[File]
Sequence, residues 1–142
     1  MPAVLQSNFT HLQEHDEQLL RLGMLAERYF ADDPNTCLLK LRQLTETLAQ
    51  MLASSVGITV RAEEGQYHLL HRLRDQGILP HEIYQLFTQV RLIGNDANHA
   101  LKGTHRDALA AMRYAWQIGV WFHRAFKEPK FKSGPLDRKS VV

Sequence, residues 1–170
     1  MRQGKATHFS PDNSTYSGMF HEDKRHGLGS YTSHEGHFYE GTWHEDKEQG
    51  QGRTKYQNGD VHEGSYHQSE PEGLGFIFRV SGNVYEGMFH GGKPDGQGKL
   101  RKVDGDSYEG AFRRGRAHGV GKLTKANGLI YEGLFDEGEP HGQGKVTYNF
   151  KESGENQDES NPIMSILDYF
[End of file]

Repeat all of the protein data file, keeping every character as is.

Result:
Sequence, residues 1–142
     1  MPAVLQSNFT HLQEHDEQLL RLGMLAERYF ADDPNTCLLK LRQLTETLAQ
    51  MLASSVGITV RAEEGQYHLL HRLRDQGILP HEIYQLFTQV RLIGNDANHA
   101  LKGTHRDALA AMRYAWQIGV WFHRAFKEPK FKSGPLDRKS VV

Sequence, residues 1–170
     1  MRQGKATHFS PDNSTYSGMF HEDKRHGLGS YTSHEGHFYE GTWHEDKEQG
    51  QGRTKYQNGD VHEGSYHQSE PEGLGFIFRV SGNVYEGMFH GGKPDGQGKL
   101  RKVDGDSYEG AFRRGRAHGV GKLTKANGLI YEGLFDEGEP HGQGKVTYNF
   151  KESGENQDES NPIMSILDYF